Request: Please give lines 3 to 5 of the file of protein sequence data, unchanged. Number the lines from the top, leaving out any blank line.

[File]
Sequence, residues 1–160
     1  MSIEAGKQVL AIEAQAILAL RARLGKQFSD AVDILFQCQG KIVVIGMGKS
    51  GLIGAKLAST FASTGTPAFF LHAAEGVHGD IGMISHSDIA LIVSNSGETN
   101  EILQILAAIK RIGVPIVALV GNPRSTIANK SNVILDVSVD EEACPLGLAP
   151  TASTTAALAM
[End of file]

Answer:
    51  GLIGAKLAST FASTGTPAFF LHAAEGVHGD IGMISHSDIA LIVSNSGETN
   101  EILQILAAIK RIGVPIVALV GNPRSTIANK SNVILDVSVD EEACPLGLAP
   151  TASTTAALAM